Elections in Turkey: Anger and sorrow aftershocks in the earthquake-ravaged nation

In the ancient city of Antakya in southern Turkey, there is no election fever, all that is left is debris and suffering. In imminent elections for parliament and the presidency on May 14, Turkey's Islamist leader appears more vulnerable than ever.

If the authoritarian Erdogan era comes to an end, Turkey should become more democratic and free. There may be fewer prisoners and less tension with the West. In the run-up to the election, Turks have had numerous grievances, ranging from the state's sluggish response to February's earthquakes to a crumbling economy. The official rate of inflation is 50%. The actual number may be much higher. Experts cite the president's "unorthodox" economic policies as the cause. Here in southern Turkey, mortality overshadows politics and economics.

The official death toll from the deadliest natural calamity in modern Turkish history exceeds fifty thousand. Many believe the actual number is significantly higher, and that the government has ceased tallying.

Walk through the remnants of Antakya, a melting pot of civilizations and religions, and you can see the results. The history of centuries has been reduced to a patchwork of ruins and voids. Some multi-story buildings have been overturned, while others have been torn apart like grotesque dollhouses. Many people succumbed while waiting in vain for aid. However, in this profoundly polarized nation, the earthquakes represent yet another fissure.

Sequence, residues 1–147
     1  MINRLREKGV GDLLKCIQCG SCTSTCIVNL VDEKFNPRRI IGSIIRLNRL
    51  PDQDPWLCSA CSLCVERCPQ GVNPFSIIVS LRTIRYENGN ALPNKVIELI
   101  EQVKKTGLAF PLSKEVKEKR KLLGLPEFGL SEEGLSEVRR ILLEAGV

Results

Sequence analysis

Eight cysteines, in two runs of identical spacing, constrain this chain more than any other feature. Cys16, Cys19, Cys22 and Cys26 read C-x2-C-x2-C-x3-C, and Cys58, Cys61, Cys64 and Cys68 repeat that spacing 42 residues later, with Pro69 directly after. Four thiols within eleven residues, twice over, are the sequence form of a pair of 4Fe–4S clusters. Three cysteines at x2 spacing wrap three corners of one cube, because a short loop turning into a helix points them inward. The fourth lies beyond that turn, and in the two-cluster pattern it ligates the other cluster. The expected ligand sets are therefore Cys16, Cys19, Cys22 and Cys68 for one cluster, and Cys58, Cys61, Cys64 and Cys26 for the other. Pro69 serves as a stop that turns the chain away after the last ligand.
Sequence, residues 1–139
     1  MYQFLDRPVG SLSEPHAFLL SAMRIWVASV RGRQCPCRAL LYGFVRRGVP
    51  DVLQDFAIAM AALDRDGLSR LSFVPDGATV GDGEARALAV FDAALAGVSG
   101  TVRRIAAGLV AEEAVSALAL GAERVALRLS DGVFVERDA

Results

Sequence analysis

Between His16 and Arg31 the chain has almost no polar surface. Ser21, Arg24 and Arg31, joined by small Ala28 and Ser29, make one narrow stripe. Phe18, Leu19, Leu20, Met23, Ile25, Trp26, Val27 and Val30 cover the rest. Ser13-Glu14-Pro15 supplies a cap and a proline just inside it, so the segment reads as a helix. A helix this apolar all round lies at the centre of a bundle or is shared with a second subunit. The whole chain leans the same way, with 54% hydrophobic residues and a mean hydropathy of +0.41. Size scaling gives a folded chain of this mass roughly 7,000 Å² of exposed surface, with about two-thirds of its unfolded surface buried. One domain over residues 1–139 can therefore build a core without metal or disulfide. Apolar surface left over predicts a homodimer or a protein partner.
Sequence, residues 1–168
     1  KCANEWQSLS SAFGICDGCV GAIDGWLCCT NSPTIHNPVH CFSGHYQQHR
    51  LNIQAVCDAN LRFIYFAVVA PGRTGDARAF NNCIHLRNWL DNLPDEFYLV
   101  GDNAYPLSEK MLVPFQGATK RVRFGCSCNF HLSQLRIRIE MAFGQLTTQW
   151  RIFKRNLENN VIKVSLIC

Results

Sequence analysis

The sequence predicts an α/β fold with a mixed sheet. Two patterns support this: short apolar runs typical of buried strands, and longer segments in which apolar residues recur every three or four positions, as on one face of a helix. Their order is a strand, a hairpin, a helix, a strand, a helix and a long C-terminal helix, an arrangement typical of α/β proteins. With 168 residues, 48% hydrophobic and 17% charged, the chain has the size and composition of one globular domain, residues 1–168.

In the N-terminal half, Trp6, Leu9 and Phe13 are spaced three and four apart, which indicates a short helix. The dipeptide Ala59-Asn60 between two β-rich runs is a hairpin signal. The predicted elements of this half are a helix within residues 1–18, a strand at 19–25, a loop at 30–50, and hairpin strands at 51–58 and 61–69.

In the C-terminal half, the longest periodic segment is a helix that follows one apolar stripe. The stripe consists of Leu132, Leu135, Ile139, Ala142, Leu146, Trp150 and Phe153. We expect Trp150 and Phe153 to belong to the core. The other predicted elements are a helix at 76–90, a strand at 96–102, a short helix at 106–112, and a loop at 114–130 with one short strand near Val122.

Numerous supporters of the president concur with his view that it was fate. His leadership remains a matter of faith among his religiously conservative support base.

Polls conducted after the earthquakes indicated only a slight decline in support for the president, who apologized for the state's slow response. He has also pledged an ambitious, albeit unrealistic, reconstruction plan.

Political analyst and pollster Can Selcuki of Istanbul mentioned that it will not affect Erdogan. This election concerns identity. Those who desire him will desire him regardless of everything else. 

After more than two decades in power, the Turkish leader faces a formidable, if affable, opponent. Kemal Kilicdaroglu is the candidate of a secular opposition coalition. Kilicdaroglu, who is renowned for making election videos while seated at the kitchen table, has a slight lead in the polls. In an interview with the sources, the former civil servant pledged to restore freedom and democracy to Turkey, as well as to reorient the country towards the West.

However, many do not dismiss the president just yet. This includes Lutfu Savas, the mayor of Antakya, who is a member of Kilicdaroglu's party.

President Erdogan and his Justice and Development (AK) Party will undoubtedly benefit from his control over the Turkish media. According to sources, the government controls 90 percent of the national media.

What occurs here is significant beyond Turkey's borders. The nation is a regional powerhouse, confronting both the East and the West. Its neighbors and NATO allies will be attentively observing.

Many analysts assume the election will proceed to a second round on 28 May, as neither candidate will receive more than 50% of the vote in the first ballot.